August 6, 1926: first woman to swim across the English Channel

Cape Griz Nez, France (WHTM) Swimming across the English Channel has been one of the most daunting sporting challenges in the world. In the whole world, only five had done it, all men.

On August 6, 1926, that changed. At 7:08 a.m., twenty-year-old Gertrude Ederle, wearing a bathing cap, paraffin-sealed goggles, a two-piece bathing suit (somewhat risky by the standards of the time), and a thick layer of lanolin to protect from the cold and jellyfish stings, took a step into the water at Cap Griz Nez, France.

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Fourteen hours and 34 minutes later, Ederle landed in Kingsdown, England, becoming the first woman to swim across the channel and breaking the previous record by two hours. His record will hold until 1950.

Gertrude Ederlie was born in New York on October 23, 1905 in Manhattan. At an early age, a case of measles damaged his hearing, a problem that worsened over time.

She learned to swim very young, and it became her lifelong passion. By the time she was a teenager, she was swimming competitively. From age 15 to 19, she set 29 national and world records, including nine in a single day, at a competition in New York. At the 1924 Olympics, she won two bronze medals in the 100 and 400 meter freestyle and a gold medal in the 400 meter relay.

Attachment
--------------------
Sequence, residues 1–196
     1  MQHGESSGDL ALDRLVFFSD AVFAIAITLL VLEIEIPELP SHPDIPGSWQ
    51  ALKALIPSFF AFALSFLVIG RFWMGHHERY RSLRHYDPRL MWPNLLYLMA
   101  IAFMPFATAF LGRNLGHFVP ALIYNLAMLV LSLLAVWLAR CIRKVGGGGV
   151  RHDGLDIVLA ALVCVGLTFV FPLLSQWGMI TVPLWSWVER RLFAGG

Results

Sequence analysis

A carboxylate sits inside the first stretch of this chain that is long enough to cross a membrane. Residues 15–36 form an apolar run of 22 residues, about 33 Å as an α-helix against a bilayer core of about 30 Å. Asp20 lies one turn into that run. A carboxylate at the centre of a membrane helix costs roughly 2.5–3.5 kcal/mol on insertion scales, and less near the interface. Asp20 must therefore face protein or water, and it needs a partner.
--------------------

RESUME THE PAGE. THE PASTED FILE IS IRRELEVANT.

In 1925, she set out to become the first woman to swim across the English Channel. Her first attempt on August 8, 1925 ended in disqualification when her coach, thinking she was in distress, sent another swimmer to rescue her. (When she tried again in 1926, she had another trainer.)

On her first attempt, Ederlie wore the standard swimwear for women at the time, a loose, one-piece wool suit. Deciding it was causing too much drag, she opted for a lighter, more fitted suit – and cut it in half to reduce drag even further.

While swimming, she was accompanied by a tugboat carrying her coach, family and a New York Daily News reporter. Along the way, they passed her snacks of fruit, chicken, and soup, being very careful not to touch her, which could result in disqualification.

She was greeted by large crowds when she landed in England, and huge crowds when New York held a ticker tape parade in her honor. She had a successful vaudeville tour doing swimming demonstrations and starred in a film about her life.

Then, in 1933, she slipped, fell down a flight of stairs and badly injured her back. In fact, she was bedridden for several years. This was about the end of her competitive swimming, although she was able to make appearances at the New York World’s Fair in 1939. But by the early 1940s she had become almost completely deaf. She retired from public life and devoted herself to teaching swimming to deaf children. She passed away in 2003, aged 98, but remains a role model and inspiration to people to this day.